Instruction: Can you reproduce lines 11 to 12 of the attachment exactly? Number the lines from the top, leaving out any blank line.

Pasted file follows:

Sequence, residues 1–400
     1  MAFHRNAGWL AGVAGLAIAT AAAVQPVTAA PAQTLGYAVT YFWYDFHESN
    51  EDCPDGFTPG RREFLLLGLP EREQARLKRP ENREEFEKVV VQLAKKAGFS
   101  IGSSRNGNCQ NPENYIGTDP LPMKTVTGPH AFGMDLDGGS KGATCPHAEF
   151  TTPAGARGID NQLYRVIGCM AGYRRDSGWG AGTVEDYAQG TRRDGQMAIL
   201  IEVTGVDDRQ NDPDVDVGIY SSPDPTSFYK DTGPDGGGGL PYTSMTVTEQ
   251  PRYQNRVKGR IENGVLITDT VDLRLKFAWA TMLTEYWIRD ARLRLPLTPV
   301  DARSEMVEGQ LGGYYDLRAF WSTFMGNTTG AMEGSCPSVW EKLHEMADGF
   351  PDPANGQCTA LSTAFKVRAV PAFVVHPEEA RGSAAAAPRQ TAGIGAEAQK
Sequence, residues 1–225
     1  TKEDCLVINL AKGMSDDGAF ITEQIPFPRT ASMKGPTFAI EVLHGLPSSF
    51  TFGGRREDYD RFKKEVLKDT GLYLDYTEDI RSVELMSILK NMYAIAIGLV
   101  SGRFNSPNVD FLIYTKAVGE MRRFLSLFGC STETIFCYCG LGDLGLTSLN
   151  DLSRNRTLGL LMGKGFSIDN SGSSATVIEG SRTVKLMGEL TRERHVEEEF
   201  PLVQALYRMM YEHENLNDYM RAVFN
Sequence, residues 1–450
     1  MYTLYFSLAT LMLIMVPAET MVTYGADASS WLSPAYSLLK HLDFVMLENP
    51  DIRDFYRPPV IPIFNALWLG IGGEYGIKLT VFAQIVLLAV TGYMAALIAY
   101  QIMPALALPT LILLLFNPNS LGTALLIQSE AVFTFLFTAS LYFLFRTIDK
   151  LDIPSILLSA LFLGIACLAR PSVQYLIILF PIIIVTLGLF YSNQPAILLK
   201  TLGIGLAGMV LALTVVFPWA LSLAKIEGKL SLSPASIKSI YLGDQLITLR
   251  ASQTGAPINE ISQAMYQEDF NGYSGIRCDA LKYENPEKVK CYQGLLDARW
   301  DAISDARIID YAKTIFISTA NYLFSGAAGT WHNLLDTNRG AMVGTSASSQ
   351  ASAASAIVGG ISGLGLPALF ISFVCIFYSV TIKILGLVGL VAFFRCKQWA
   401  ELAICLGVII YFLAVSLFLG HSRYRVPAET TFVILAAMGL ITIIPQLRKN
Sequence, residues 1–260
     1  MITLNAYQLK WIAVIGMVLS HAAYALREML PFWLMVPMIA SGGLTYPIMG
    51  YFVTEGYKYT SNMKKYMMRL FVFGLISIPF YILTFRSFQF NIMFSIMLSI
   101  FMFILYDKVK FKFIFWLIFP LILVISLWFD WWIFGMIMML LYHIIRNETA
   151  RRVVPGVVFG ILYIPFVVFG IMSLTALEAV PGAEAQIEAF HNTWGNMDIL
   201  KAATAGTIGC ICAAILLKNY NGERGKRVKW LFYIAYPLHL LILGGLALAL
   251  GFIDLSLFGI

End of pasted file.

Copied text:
     1  TKEDCLVINL AKGMSDDGAF ITEQIPFPRT ASMKGPTFAI EVLHGLPSSF
    51  TFGGRREDYD RFKKEVLKDT GLYLDYTEDI RSVELMSILK NMYAIAIGLV